By Kelsey Duchesne
Okay, I know, I know. This Kardashian-West-Swift feud happened almost 48 hours ago, a.k.a a lifetime ago in the 24-hour Twittersphere. Thinkpiece upon thinkpiece has already been written, assessing every possible angle to the story. I’m sure you’ve just about had it, right? I understand. At first I struggled writing this piece because I felt that all angles had been delivered; that every clue in the hearsay-mystery of the summer had been sniffed out and now sits on display. This is partially true, of course--the truth is out in the open, the sides have been chosen, and it’s been written--but I still have a little more to say. The Kardashian-West-Swift drama goes outside the primary rules of celebrity and enters a months-long roller coaster of back and forth that has ended with a definitive conclusion. In the world of celebrity, it's rare that we, the outsiders looking in, get to see the final bell ding--lawyers typically do that, or it's done privately over a phone call. Not this time.
It has always seemed to me that the best and most common celebrity course is not to say a bad thing about anybody. Judd Apatow agrees. “It is an art to not end your career,” he told Bill Simmons on his Podcast, The BS report. “One thing I always tell people is ‘Don’t trash other people.’ A lot of young people will do their first interviews, and suddenly they're talking 9/11 conspiracies or their just trashing a comedian they don’t like, or a movie or a TV show. I always say ‘There is nothing that makes you look like a bigger jackass than attacking your fellow writers and directors and comedians.”
Apatow is right, but there have been successful celebrities who have gotten away with a lil' trash-talking, and one is singer-songwriter Taylor Swift. The master of cliché metaphors and subtlety, some of Swift’s most successful songs have been about personal moments with equally famous people. Several years ago Swift, who once claimed she wasn’t a feminist, reclaimed the label and was quick to defend herself with it whenever someone questioned the way she wrote about previous boyfriends or their new love interests in past songs. Bad Blood, a song heavily speculated to have been about Katy Perry but was never confirmed to be, yet teased consistently, was a little wink to her fans without actually saying anything damning. Lyrics like “She's an actress, whoa//She's better known for the things that she does on the mattress” were cast at the wayside-- they were written before the feminist Swift, after all.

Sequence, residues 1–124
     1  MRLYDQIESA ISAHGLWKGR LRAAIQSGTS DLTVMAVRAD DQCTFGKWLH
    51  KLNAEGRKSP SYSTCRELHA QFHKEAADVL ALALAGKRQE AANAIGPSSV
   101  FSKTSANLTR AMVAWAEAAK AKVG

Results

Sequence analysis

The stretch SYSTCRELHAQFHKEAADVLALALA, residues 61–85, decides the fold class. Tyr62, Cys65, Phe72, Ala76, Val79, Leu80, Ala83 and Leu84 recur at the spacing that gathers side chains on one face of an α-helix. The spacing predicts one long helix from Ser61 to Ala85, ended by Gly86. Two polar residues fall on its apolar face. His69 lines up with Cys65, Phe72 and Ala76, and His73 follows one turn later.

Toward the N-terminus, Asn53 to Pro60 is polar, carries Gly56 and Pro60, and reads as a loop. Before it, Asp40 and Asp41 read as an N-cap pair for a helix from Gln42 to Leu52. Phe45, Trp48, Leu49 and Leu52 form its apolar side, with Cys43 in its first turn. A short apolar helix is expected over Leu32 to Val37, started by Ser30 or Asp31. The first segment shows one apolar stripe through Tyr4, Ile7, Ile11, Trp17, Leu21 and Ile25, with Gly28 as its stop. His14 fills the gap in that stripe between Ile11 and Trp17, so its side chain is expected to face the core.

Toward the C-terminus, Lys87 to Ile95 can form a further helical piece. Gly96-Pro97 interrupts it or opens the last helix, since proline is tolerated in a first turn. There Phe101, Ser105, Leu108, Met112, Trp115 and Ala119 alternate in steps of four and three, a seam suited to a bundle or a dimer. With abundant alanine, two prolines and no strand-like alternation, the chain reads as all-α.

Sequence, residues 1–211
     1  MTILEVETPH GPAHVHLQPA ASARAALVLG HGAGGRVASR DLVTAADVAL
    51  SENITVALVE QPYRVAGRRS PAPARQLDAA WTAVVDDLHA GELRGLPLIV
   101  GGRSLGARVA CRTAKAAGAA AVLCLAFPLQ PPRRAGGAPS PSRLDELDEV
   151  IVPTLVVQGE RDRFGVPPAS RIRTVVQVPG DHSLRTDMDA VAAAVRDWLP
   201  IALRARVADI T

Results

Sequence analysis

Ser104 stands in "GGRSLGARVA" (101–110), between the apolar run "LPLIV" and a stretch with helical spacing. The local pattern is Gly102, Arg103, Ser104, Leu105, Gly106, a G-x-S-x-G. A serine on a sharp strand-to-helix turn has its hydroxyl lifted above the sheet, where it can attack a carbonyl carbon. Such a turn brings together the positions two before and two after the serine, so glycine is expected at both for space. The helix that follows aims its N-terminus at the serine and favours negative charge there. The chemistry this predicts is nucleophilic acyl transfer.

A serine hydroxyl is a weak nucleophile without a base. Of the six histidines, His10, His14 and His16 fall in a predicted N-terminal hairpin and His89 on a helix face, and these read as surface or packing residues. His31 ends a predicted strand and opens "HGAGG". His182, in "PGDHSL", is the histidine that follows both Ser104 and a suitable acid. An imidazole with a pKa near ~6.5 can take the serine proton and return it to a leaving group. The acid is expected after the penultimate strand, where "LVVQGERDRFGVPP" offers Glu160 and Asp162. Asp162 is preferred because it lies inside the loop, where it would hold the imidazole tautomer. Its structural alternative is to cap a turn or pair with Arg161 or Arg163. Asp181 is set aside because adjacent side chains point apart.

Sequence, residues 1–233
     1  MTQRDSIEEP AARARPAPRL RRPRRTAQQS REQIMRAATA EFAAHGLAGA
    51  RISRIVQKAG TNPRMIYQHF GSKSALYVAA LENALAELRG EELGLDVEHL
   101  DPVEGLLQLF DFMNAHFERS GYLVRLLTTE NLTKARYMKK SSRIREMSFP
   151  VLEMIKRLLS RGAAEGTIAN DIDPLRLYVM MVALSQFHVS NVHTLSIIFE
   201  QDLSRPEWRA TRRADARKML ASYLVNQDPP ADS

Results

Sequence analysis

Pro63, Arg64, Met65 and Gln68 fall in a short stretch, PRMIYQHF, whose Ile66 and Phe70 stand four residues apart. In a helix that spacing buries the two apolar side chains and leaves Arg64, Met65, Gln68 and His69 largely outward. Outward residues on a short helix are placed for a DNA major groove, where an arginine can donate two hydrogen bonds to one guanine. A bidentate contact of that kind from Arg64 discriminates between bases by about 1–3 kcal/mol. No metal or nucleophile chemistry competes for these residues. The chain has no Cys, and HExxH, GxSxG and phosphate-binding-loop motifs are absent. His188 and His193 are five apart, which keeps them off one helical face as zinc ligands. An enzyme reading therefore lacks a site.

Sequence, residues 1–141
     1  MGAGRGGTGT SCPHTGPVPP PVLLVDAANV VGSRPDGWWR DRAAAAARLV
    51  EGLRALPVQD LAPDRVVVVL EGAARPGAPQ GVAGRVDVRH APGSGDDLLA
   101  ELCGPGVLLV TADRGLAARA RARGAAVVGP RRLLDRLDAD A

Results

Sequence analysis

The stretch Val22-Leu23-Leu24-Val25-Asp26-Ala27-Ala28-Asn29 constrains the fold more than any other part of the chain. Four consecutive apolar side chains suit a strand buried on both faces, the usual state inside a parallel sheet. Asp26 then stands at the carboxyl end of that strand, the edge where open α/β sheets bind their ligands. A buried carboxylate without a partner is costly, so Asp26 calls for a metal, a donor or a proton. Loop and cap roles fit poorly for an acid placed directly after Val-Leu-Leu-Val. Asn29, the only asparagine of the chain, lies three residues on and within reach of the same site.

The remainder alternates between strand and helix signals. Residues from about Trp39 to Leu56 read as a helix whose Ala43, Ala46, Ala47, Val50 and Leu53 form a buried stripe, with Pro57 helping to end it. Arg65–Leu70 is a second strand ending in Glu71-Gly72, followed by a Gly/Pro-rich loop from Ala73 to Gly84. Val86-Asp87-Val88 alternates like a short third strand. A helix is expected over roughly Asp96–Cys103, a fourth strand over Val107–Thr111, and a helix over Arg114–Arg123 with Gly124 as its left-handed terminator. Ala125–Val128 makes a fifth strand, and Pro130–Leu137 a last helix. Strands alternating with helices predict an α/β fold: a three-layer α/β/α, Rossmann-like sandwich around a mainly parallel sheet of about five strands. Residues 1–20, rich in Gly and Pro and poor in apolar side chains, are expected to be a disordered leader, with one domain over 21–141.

Now, I totally understand Swift when she says that she is drawing from her own life to create art. I believe she truly is a master of brand and creates catchy albums, and I applaud her for being the top earning celebrity in the world. That takes hard work, and is an incredible achievement. It is because of all of this that I don’t have any sympathy for Taylor as she tackles a feud with another brand master, Kim Kardashian. You know, the woman Taylor claimed “assassinated her character” for exposing a lie that assaulted her husband's credibility? I’m sorry, Taylor, but I have too much respect for you as a businesswoman to pity you. You made this mistake on your own. You must have known who you're dealing with, here, but in case you forgot, I’ll remind you:
Kim Kardashian-West is a master of brand, timing, and self promotion. She is fiercely loyal and protective of her family, including her husband Kanye West. She is constantly being filmed and has cameras present for her reality show. When she’s not filming, she is constantly updating her loyal fans through Snapchat, Instagram, entries on her website, and her Twitter. (I mean, Kardashian once said “I am the best at Twitter”, and after this feud, I have to believe her.)